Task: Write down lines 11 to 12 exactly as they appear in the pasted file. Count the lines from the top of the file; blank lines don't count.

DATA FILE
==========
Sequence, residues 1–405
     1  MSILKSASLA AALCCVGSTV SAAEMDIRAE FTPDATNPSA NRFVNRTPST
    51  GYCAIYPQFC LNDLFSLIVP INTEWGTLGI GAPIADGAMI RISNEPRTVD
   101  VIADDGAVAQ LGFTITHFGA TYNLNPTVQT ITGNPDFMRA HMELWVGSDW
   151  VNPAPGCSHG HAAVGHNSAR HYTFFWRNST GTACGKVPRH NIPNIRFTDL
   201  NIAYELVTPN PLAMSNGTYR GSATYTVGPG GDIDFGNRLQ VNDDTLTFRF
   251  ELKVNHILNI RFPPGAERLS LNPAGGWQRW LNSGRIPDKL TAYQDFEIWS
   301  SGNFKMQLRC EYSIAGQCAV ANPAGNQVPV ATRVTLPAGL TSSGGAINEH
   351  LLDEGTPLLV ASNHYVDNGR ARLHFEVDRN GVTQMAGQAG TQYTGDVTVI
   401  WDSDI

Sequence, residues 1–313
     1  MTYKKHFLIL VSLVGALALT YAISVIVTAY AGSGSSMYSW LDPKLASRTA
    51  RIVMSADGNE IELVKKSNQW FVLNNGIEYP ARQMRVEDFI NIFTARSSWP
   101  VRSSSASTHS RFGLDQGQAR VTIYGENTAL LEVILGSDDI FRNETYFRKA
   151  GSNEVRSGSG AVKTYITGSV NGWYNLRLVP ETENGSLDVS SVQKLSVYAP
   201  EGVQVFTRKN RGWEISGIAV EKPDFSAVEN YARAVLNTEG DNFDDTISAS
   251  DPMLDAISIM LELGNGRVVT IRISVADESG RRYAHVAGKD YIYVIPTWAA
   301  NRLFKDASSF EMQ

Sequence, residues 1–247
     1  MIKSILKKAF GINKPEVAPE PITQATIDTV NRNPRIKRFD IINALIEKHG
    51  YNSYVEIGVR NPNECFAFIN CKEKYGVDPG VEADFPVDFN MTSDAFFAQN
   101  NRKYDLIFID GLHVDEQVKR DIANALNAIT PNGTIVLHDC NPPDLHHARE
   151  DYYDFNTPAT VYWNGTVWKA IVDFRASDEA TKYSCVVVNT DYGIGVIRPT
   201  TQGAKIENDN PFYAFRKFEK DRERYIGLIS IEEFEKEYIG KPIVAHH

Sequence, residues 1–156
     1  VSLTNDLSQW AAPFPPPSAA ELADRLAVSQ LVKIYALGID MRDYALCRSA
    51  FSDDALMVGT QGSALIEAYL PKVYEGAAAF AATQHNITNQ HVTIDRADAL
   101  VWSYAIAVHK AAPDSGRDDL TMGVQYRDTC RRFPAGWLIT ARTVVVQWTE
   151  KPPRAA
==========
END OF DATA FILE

Sequence, residues 1–313
     1  MTYKKHFLIL VSLVGALALT YAISVIVTAY AGSGSSMYSW LDPKLASRTA